A YES vote on this measure means: There would be new minimum requirements on farmers to provide more space for egg-laying hens, breeding pigs, and calves raised for veal. California businesses would be banned from selling eggs or uncooked pork or veal that came from animals housed in ways that did not meet these requirements.
A NO vote on this measure means: Current minimum space requirements for confining egg-laying hens, pregnant pigs, and calves raised for veal would continue to apply. Current ban on businesses in California selling eggs not meeting these space requirements for hens would remain in effect.
Potential decrease in state income tax revenues from farm businesses, likely not more than several million dollars annually.
State costs up to $10 million annually to enforce the measure.
Fiscal Impact: Potential decrease in state income tax revenues from farm businesses, likely not more than several million dollars annually. State costs up to $10 million annually to enforce the measure.
Agriculture Is a Major Industry in California. California farms produce more food—such as fruit, vegetables, nuts, meat, and eggs—than in any other state. Californians also buy food produced in other states, including most of the eggs and pork they eat. The California Department of Food and Agriculture (CDFA) is responsible for promoting California agriculture and overseeing animal health and food safety.
State Law Bans Cruelty to Animals. For over a century, the state has had laws banning the mistreatment of animals, including farm animals. For example, anyone who keeps an animal in an enclosed area is required to provide it with an exercise area and give it access to shelter, food, and water. Depending on the specific violation of these requirements, a person could be found guilty of a misdemeanor or felony, either of which is punishable by a fine, imprisonment, or both.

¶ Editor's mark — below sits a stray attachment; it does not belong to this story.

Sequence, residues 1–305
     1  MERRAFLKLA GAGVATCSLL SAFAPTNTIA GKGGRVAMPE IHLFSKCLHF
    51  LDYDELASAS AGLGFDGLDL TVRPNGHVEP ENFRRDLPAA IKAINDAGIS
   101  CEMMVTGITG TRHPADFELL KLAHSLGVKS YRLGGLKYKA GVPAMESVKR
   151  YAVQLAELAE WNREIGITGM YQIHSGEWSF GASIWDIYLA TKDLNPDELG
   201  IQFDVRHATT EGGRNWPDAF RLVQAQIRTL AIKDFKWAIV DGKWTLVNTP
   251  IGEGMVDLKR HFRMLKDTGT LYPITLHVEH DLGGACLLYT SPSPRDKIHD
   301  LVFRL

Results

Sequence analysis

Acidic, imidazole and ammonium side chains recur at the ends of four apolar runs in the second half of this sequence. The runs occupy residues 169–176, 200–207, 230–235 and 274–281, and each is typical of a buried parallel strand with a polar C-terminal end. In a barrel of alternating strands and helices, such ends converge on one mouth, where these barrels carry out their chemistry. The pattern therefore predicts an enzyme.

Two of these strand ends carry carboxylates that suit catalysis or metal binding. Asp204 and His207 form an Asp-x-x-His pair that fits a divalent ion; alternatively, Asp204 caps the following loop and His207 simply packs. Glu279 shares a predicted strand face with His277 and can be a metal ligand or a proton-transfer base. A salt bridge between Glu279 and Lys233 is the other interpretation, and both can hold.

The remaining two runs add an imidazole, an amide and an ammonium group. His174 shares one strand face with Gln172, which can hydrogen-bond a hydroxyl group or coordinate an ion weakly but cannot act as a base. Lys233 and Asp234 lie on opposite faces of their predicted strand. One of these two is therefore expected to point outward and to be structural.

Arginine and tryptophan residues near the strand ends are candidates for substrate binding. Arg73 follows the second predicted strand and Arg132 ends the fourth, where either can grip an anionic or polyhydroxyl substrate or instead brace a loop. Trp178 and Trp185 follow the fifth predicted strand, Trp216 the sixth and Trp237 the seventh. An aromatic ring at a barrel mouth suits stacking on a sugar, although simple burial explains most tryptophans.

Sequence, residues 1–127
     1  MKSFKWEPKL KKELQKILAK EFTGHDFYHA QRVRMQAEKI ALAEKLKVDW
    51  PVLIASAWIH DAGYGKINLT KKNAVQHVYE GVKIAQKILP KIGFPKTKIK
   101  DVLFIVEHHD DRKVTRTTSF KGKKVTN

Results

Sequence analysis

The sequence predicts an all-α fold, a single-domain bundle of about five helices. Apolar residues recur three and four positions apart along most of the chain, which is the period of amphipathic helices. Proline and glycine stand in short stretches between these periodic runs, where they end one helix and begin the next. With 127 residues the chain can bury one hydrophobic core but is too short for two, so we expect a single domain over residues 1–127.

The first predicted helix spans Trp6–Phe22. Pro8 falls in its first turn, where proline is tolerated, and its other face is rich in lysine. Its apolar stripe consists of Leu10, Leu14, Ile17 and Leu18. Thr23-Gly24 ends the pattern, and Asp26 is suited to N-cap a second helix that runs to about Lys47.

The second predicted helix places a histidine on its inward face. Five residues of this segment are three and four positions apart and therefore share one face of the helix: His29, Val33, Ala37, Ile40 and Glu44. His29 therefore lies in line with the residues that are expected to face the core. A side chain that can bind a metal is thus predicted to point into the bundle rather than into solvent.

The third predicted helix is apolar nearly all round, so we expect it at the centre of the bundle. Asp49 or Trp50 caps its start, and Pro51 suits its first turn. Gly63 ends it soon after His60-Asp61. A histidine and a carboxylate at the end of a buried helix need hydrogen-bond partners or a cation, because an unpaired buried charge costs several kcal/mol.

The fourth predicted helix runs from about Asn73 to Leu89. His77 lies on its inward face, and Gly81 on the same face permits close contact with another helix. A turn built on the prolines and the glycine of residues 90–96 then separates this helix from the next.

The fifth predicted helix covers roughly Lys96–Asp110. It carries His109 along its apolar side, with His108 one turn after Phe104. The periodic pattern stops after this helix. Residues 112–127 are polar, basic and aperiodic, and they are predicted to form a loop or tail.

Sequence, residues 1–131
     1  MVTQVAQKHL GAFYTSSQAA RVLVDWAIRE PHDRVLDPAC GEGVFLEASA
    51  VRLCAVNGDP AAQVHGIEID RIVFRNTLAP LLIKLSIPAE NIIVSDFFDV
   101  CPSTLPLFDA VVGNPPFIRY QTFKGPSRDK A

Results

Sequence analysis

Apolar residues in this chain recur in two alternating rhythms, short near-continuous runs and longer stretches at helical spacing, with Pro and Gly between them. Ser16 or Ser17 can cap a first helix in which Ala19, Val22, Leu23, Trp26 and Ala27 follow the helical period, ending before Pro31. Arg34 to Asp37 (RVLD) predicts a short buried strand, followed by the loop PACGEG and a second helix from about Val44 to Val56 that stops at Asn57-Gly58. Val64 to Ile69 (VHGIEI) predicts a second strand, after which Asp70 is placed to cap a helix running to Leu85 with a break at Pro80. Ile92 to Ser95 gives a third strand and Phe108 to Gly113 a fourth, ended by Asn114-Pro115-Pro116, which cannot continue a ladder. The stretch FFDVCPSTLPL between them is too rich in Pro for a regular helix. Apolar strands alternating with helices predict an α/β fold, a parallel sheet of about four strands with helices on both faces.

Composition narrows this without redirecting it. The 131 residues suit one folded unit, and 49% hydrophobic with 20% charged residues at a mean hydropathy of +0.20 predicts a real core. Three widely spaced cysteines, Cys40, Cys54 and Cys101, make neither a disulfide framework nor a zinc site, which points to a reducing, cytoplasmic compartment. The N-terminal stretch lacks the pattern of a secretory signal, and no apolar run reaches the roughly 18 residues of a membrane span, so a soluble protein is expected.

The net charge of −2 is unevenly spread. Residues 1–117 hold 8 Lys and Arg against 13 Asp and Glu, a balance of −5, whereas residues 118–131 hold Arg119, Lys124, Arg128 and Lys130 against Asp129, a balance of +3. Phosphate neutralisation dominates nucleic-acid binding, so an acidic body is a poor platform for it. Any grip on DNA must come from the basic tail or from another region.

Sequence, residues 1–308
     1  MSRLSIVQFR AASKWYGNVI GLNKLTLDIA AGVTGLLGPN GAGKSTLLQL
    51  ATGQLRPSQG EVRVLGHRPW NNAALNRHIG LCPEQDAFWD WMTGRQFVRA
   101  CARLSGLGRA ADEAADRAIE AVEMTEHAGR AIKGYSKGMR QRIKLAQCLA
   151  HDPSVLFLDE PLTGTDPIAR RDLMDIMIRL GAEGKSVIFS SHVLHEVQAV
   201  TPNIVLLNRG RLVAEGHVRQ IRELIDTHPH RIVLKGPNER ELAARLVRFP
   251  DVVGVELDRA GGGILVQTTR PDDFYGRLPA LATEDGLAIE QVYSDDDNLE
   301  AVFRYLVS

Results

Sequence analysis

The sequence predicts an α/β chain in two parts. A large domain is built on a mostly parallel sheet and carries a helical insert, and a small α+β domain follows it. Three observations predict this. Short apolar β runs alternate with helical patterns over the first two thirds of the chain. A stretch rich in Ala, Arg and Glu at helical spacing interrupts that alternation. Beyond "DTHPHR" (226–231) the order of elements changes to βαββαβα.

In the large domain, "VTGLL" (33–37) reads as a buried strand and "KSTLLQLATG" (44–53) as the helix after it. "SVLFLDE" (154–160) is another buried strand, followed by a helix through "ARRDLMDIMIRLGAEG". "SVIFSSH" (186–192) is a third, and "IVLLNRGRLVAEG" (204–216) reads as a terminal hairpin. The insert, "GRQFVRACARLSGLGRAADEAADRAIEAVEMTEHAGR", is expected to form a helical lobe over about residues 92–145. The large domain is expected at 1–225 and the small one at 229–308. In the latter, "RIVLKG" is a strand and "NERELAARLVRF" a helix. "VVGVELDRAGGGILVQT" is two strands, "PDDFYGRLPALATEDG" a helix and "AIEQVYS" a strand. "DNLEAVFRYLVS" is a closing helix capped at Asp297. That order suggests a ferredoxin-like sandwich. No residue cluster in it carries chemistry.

Farm Animal Practices Are Changing. There has been growing public interest in the treatment of farm animals. In particular, concerns have been expressed about keeping farm animals in cages and crates. Partly in response to these concerns, various animal farming associations have developed guidelines and best practices to improve the care and handling of farm animals. Also in response to these concerns, many major grocery stores, restaurants, and other companies have announced that they are moving towards requiring that their food suppliers give farm animals more space to move around (for example, by only purchasing eggs from farmers who use “cage-free” housing for hens).
Proposition 2 (2008) Created Standards for Housing Certain Farm Animals. Proposition 2 generally prohibits California farmers from housing pregnant pigs, calves raised for veal, and egg-laying hens in cages or crates that do not allow them to turn around freely, lie down, stand up, and fully extend their limbs. Under Proposition 2, anyone who violates this law is guilty of a misdemeanor.
State Law Banned the Sale of Eggs That Do Not Meet Housing Standards. A state law passed after Proposition 2 made it illegal for businesses in California to sell eggs that they knew came from hens housed in ways that do not meet Proposition 2’s standards for egg-laying hens. This law applies to eggs from California or other states. Any person who violates this law is guilty of a misdemeanor. (The law does not cover liquid eggs, which are egg yolks and whites that have been removed from their shells and processed for sale.)